By Randall Osborne

West Coast Editor

As promised, Neurocrine Biosciences Inc. began the first pivotal Phase III trial of NBI-34060, a non-benzodiazepine compound that acts against chronic insomnia through a specific site of the GABA-A receptor.

The 500-patient trial is a randomized, double-blind, parallel-group, multicenter study to evaluate the safety of two doses of NBI-34060 in its immediate-release form, at about 40 medical sites in the U.S. and Europe.

Two more pivotal Phase III trials with immediate-release NBI-34060, licensed by Neurocrine from DOV Pharmaceutical Inc., of Hackensack, N.J., are planned to begin shortly.

Neurocrine has deals with other firms such as GlaxoSmithKline plc, of London; Eli Lilly and Co., of Indianapolis; Wyeth-Ayerst Laboratories Inc., of Radnor, Pa.; and Taisho Pharmaceuticals Ltd., of Tokyo.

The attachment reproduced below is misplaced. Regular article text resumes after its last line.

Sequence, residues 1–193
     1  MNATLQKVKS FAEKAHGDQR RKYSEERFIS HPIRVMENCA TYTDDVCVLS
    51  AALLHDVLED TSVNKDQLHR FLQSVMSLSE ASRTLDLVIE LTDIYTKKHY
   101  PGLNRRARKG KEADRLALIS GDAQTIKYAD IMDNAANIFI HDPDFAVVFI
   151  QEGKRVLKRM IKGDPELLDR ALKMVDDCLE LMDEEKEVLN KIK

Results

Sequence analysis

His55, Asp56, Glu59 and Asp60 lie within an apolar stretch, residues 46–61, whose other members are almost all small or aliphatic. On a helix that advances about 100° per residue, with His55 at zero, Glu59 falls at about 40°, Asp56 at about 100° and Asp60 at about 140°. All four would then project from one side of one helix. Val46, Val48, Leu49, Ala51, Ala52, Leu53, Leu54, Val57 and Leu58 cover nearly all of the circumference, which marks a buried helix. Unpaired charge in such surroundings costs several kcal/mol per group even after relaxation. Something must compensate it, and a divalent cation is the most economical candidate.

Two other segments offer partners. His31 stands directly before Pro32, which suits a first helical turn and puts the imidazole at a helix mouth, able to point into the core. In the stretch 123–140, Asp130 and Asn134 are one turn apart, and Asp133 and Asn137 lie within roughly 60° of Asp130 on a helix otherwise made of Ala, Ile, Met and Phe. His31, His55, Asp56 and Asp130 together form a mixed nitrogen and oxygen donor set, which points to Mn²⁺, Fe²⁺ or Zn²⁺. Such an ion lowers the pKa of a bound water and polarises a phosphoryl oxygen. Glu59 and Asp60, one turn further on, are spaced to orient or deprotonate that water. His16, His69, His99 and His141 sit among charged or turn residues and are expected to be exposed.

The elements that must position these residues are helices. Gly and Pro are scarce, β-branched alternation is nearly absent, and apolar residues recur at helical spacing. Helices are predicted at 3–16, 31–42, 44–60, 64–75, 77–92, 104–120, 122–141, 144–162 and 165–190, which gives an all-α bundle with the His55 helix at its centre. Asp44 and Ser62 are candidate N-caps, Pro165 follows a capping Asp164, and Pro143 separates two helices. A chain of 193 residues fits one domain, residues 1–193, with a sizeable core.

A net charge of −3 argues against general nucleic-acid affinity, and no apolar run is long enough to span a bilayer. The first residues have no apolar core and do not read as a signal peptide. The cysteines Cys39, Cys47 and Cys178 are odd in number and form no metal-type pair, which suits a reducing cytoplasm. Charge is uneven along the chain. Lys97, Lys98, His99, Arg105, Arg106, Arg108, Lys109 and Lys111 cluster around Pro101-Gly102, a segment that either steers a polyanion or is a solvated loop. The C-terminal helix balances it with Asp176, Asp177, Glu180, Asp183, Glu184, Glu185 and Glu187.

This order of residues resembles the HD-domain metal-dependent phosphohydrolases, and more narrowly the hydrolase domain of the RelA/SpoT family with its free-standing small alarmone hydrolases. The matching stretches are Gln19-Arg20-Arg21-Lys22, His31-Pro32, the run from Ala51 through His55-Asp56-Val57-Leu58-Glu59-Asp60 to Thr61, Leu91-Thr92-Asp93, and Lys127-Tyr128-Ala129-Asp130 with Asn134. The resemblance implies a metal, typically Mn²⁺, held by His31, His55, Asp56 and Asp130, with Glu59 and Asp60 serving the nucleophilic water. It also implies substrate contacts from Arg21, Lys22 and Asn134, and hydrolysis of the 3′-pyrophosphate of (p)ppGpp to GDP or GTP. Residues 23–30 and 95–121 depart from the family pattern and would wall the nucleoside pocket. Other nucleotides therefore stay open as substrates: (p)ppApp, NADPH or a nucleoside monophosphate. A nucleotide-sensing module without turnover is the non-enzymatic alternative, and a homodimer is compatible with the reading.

In October, three months after disclosing the GSK deal for corticotropin-releasing factor receptor antagonists, Neurocrine got its first milestone payment of $15.5 million, which brings the total received so far to $25.5 million. (See BioWorld Today, Oct. 30, 2001.)

But the insomnia drug has no partner helping with advancement. The condition it targets afflicts about half the adult population in the U.S., who report having trouble sleeping a few nights a week or more, says the National Sleep Foundation. About 29 percent of adults say they are affected by insomnia every night or almost every night.

NBI-34060 uses the same mechanism that the non-benzodiazepine therapeutics already on the market use for sleep-promoting effects.

Neurocrine focuses on neurological and endocrine diseases and disorders, with product candidates in insomnia, anxiety, depression, malignant brain tumors and peripheral cancers, diabetes, multiple sclerosis, irritable bowel syndrome, eating disorders, pain, stroke and certain female health disorders.

Company officials did not return calls seeking comment.

Neurocrine┬┐s stock (NASDAQ:NBIX) closed Friday at $41.60, down 38 cents.

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